Local pressure group Olhão Livre has published a damning blog into the continuing pollution in the Ria Formosa where thousands of fishermen make their living, 10,000 is its estimate.
Blame is levelled at a complicit council which is aware of the pollution that affects the harvesting of bivalves in the Ria area, but there may be more to the story.
The environmental pollution has long been known to the council which Olhão Livre says has failed to act, but it is not alone as a wall of indifference has allowed toxic sewage to be discharged into the waters despite stringent controls that are in place in law but not acted on by the agencies that are there to protect the public.
Because of the sewage outfall into the Ria at known points, pollution crimes are being committed regularly but with the bland acceptance of those very authorities that are meant to control and force an end to such incidents.
A failure to control pollution last year saw more than 70% of the shellfish farms in the Olhão area downgraded from Class B to Class C due to excessive fecal coliforms found when analysing the bivalves. This is in an area that depends on tourists coming from far and wide to the city's restaurants, to its annual seafood festival. Many factory jobs depend on processing fesh, unpolluted seafood.
This situation has been growing in seriousness for years. A movement called Avisar Toda a Gente (Warn all People) was set up in 2006 which formally advised the authorities responsible for the Ria Formosa that pollution was being pumped into the Ria Formosa.
This pioneering movement alerted a wide audience to the pollution levels but still nothing was done. Then came Somos Olhão (We are Olhão) in 2009 which alerted national officials and even warned the European authorities about the serious problem of pollution in the Ria Formosa.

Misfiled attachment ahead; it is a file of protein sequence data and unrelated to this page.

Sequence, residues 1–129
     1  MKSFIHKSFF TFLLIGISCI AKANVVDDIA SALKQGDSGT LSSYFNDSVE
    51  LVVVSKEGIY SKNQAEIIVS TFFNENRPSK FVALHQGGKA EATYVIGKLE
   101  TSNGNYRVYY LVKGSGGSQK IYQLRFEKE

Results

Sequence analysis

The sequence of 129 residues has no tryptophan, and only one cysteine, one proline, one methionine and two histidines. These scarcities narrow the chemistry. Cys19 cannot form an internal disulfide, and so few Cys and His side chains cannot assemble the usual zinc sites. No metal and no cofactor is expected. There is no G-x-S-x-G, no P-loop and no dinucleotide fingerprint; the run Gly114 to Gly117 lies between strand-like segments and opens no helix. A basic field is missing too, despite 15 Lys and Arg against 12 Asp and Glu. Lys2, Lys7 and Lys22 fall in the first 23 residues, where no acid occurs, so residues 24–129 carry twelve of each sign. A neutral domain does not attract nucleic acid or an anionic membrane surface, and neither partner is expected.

Somos Olhão complained to the European Commission as nothing was happening locally to stem the flow.
Local officials have been aware for years of the environmental crimes with poisonous run-off entering the water near the traditional salt and flor de sal areas to the west of the city.
The law here is clear and states that there cannot be any source of pollution within 500 metres of these salt producing areas. This puts salt production in danger of contamination as well as the outflow affecting the Ria’s shellfishing industries.
Olhão Livre says that the minister for Agriculture and the Sea, Assunção Cristas, knows of the situation and that ASEA should therefore have been instructed to act where the law is being broken.
The photograph above was taken at discharge point of the Waste Water Treatment Plant to the west of Olhão at Belamandil, this is an all too common site.
Olhão Livre claims that the two environmental organisations, Almargem and the League for the Protection of Nature have not got to grips with the situation of pollution in an area that is renowned for its shellfish and supposedly pristine waters and is concerned that only an outbreak of Hepatitis A will end the obvious pollution.
In January 2014 the environmental association Quercus demanded that Águas do Algarve build a new Waste Water Treatment Plant between Faro and Olhão to reduce the pollution currently being released into the waters of the Ria Formosa natural area between Olhão and Faro.